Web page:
Angela Denning, KFSK - Petersburg
Angela Denning is a reporter at KFSK in Petersburg.
A young man was sentenced in Bethel Superior Court to 45 years in prison for murdering a Korean cab driver a few winters ago. Kyle Motgin pled guilty to murder in the second degree which dropped several other charges. He was 21 years old when he stabbed Young Suk Chong to death on January 31, 2012.
Bethel’s Native Tribe, Orutsararmuit Native Council, held a public hearing seeking input on Chinook fishing restrictions next summer. It’s part of a call out to tribes along the river to help come up with management options after poor King salmon runs the last several years.
Several communities on the Lower Kuskokwim River are involved in a search for two men: Nick Cooke of Bethel and Jim Lee Napoka of Tuluksak. The two were traveling together by boat to a funeral in Tuntutuliak Oct. 23 but they never showed up. They were reported missing Friday.
Alaska State Troopers seek the public’s help in getting information about the musk ox found shot dead Oct. 20 across the river near Bethel. The poaching has also been on the mind of Bethel city council member Mark Springer.
The Joint Board of Fisheries and Board of Game opposed establishing a non-subsistence use area for Bethel in a meeting in Anchorage last week. The proposal was submitted by Fairbanks trapper Allen Barrette which stated that Bethel would appear to qualify as a non-subsistence area.
A man in Mountain Village has been arrested for allegedly stabbing his brother. On Wednesday evening, Alaska State Troopers arrested 37-year-old Luther Aguchak who they say stabbed his 38-year-old brother with a knife.
GCI and KTUU Channel 2 came to a temporary agreement Tuesday to keep the NBC-affiliate carriage in Bethel and eight other areas outside of Anchorage, at least for the next few weeks. It’s a temporary solution to an on-going contractual dispute between GCI and Schurz Communications, the Indiana-based parent company of KTUU. The conflict surfaced when an old agreement expired at the end of September.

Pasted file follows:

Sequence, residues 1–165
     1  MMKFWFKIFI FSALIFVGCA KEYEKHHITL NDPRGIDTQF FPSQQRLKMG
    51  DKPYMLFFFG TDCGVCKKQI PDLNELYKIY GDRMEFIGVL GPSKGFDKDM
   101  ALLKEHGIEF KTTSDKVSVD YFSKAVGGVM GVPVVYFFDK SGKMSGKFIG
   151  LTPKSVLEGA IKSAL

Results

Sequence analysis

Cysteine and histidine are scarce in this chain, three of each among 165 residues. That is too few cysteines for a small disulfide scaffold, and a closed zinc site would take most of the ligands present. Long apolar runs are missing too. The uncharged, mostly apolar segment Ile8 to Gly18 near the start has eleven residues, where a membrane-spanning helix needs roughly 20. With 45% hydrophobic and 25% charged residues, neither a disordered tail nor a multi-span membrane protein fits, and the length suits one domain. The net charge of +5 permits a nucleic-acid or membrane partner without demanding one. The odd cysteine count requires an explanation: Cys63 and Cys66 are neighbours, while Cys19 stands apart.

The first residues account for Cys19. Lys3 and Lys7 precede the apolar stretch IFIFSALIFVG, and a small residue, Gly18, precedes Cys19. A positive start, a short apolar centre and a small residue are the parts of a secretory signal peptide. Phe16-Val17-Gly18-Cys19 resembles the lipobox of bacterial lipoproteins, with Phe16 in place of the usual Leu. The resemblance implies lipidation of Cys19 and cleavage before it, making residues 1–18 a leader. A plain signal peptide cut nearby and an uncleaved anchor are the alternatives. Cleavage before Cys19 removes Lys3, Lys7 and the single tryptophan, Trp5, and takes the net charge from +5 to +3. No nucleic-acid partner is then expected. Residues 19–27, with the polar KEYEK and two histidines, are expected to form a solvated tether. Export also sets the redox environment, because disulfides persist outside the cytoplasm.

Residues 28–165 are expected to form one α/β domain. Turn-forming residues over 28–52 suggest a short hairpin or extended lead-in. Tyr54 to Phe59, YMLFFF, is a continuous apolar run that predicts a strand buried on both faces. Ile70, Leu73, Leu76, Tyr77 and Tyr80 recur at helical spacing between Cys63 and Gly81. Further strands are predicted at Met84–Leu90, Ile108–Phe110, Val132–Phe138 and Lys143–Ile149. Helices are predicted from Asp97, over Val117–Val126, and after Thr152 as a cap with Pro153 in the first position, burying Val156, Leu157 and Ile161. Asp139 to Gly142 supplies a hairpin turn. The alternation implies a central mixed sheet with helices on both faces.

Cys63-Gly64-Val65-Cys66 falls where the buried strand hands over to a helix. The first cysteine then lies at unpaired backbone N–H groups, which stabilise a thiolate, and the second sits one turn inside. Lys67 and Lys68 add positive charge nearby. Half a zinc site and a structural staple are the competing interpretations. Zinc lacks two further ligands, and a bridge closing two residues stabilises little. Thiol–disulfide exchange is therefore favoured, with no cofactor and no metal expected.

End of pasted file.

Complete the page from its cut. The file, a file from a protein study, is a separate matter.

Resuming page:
Alaska’s Joint Board of Fisheries and Game is meeting in Anchorage. Today, they decided to create a Fish and Game advisory committee just for the community of Bethel. With over 6,000 residents, Bethel continues to grow as the hub of the Yukon-Kuskokwim Delta. The community currently has one seat on the Lower Kuskokwim Advisory Committee but local groups approached the joint board about getting their own.
Meera Kohler, President of the Alaska Villages Electric Cooperative, says they are still on schedule for a Spring takeover of Bethel Utilities Corporation. AVEC is a non-profit electric utility serving Western Alaska. The buyout would cut electric rates for customers in Bethel, Napaskiak, and Oscarville. The coop’s other 52 villages should experience lower rates as well.
The Yukon-Kukoskwim Delta is the size of Ohio and includes over 50 villages. The region’s hub, Bethel, has over 6,000 residents. Until now, families who had an elder they couldn’t care for at home went to Anchorage, 400 miles away by airplane. That is until the first elder’s home opened up after a decade of planning.
Sequestration federal funding cuts are across the board unless an exemption is made by Congress. The Indian Health Service has not been exempted and non-profit corporations all over the state, like the Yukon Kuskokwim Health Corporation based in Bethel, are feeling the hit.
The Alaska Board of Fish has a work session planned for October 9-11 in Girdwood. And although it’s not on the agenda to talk about Kuskokwim Chinook salmon, that’s just what several local groups want the board to do.
Bethel police arrested a man for possessing what they believe to be heroin. On August 29, police arrested 30-year-old Travis Longbotham of Nikiski. He was staying at the Long House Inn Hotel when employees noticed the smell of drugs coming from his room and called police.
The Village of Alakanuk is getting a $2.2 million grant to pave almost three miles of dirt roads. The money is coming from the U.S. Department of Transportation and will pay for part of the road project. The total amount is estimated to cost around $5.2 million.
Kuskokwim Chinook salmon—or Kings as they are known locally–did not make it to the spawning grounds this year as managers had expected. Counting projects are showing the lowest escapements in history for nearly all of the river’s tributaries. Managers and residents are trying to make a plan for next year.